We arrived at the hotel at about 5 PM only to discover the power was out. Thankfully, this being a Marriott, they were prepared and had emergency power to run elevators and get everyone checked in. However, since we arrived so late in the day, we did not get the two bed room that we had requested (1 bed for me and the lovely lady, the other for our driving companion). We were able to get a cot brought to the room for the driver, but for the most part, it seemed like we traded one set of inconveniences for another. I'm working on figuring out a more optimal scheme for next year.

Saturday morning, I was up with the dawn to run "TransFormers: Attack of the Retcons."

It went well overall, since the majority of the players were Transformers fans of old, who got all of my references. They really liked the "retcon" mechanics I had devised, especially when one character got "killed" by the Retcons. Since the character was wiped out of existence, Optimus Prime instead sent someone else on the mission, meaning he got a different character. It took a few minutes for the group to get back to playing because they were stunned by the awesome.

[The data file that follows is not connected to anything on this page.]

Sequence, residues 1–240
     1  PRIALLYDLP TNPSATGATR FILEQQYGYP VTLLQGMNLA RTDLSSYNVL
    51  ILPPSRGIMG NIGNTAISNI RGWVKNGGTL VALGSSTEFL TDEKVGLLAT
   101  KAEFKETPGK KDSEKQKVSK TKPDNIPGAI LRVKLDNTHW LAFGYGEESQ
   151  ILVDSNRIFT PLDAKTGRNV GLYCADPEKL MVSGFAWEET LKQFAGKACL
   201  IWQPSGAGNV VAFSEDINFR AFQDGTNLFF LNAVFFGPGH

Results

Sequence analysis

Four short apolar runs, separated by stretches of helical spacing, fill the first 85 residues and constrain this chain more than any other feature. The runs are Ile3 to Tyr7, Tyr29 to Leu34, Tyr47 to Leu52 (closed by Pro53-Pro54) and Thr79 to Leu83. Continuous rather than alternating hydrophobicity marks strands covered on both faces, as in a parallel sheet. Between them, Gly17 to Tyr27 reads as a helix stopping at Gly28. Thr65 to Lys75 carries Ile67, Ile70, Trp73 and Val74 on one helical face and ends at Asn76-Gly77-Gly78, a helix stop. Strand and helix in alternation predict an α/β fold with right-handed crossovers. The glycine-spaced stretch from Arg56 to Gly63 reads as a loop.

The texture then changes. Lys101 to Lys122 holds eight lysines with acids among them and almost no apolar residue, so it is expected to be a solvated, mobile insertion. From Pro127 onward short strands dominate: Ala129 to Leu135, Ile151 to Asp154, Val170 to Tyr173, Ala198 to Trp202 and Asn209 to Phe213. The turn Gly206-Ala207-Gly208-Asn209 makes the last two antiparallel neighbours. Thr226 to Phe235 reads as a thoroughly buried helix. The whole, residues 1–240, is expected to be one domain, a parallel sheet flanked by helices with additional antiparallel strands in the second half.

For the record, the little girl in the picture is a Dorothy.

I spent Sunday morning in a seminar entitled "Ain't it cool?" in which the inestimable Ken Hite (and Darren Watts of Hero Games) gave their recommendations on hot new games. I then spent the afternoon picking up some of their recommendations from the dealer room.

Then, Sunday afternoon, I got ready to run my new "Magic Belt of Oz" adventure. As it was part of their kid's program, kids were encouraged to simply drop in to play. No kids came.

After 30 minutes, two grownups walked in and asked "Is this the Oz game?" I was a little leery of running a game with only 2 players, but I decided to give it a try. It did not go well. It actually helped me realize a mistake I had made with both adventures that I had prepared.

In both cases, I assumed that the players would be familiar with the background. The Transformers players had more fun if they knew about the planet Junk and the Quintessons. The Oz player that knew some of the background had more fun than the one that didn't. So next year, my plan is to build adventures that do not require background knowledge from the start. If there's background involved, let it be revealed by the story, not assumed in order to make the story work.

Miscellaneous pictures:
This is that Ken Hite guy I keep talking about. I own and enjoy a number of the books that he has written and I was quite pleased to discover that he is a regular attendee at DunDraCon and gives wonderful seminars. As well as the "Ain't it cool?"
seminar, I was also able to attend a seminar with him on city-building for RPGs. He also did a few I was unable to attend because of the time-slots for my games.